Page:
Incoterms Explained: Carriage Paid To (CPT)
When goods are bought or sold “Carriage Paid To” (CPT) it means that the Seller delivers the goods to a destination previously agreed to by the seller and the buyer. It can also be the handoff to the prefered carrier of the buyer.
Risks and Costs for the Seller
The seller is responsible for arranging and paying for transportation to the buyer-contracted carrier and arranging for any export documentation that is needed. Once the goods arrive at the first carrier the risk transfers to the buyer. This can be the ocean freight or air freight carrier, but can also be a carrier using another mode of transport, like barge, train, or truck.
Risks and Costs for the Buyer
The buyer is responsible for unloading the shipment and loading it onto their (carrier’s) truck. The buyer is also responsible for arranging and paying for any import documents. The seller is obligated to hand over any documents or information needed to enable the successful import, at the cost of the buyer. Import duties and taxes also need to be paid by the buyer.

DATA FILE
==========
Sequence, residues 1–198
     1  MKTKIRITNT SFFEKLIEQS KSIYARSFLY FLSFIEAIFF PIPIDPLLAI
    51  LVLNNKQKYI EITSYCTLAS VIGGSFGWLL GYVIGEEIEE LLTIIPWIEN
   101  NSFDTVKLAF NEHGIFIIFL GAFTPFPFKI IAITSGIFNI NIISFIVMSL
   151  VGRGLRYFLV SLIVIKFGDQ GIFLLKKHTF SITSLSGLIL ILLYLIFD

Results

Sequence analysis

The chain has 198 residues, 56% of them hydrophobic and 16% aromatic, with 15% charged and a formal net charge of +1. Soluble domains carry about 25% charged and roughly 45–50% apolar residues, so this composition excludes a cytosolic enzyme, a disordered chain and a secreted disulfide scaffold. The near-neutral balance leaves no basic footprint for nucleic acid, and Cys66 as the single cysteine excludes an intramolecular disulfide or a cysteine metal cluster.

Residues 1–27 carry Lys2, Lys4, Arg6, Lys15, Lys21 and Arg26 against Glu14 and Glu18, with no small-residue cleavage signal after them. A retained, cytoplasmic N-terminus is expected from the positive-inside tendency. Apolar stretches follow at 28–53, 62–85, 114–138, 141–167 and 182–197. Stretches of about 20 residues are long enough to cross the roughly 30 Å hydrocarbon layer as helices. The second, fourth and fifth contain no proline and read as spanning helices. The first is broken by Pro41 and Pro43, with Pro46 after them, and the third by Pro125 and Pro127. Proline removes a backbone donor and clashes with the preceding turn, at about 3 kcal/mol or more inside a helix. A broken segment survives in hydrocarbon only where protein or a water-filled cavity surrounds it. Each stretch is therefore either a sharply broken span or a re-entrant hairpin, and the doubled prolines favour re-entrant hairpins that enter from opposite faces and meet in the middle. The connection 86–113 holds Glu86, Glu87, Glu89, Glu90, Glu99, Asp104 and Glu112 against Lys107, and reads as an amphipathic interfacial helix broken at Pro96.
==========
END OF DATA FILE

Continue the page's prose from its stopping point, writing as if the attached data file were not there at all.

Potential Issues for the Buyer
Because risk is transferred to the buyer once the shipment is handed over to the first carrier, the buyer is responsible for the loss of or damage to the shipment. The buyer is responsible for getting insurance if they want that. Because the seller arranges transportation and loading of the shipment at the port, they may inflate costs and charge them to the buyer.
Use of Carriage Paid To
CPT is applicable for multimodal shipments and works well for shipments supported by a letter of credit. please note that the responsibility for the shipment transfers to the buyer once the goods have been handed over to the first carrier. This makes this incoterm an unusual one, as the risk is being carried by the party that may not have chosen the carrier.
If you want to read more about INCOTERMS and what they are, then see my earlier post “Incoterms: What Are They?”.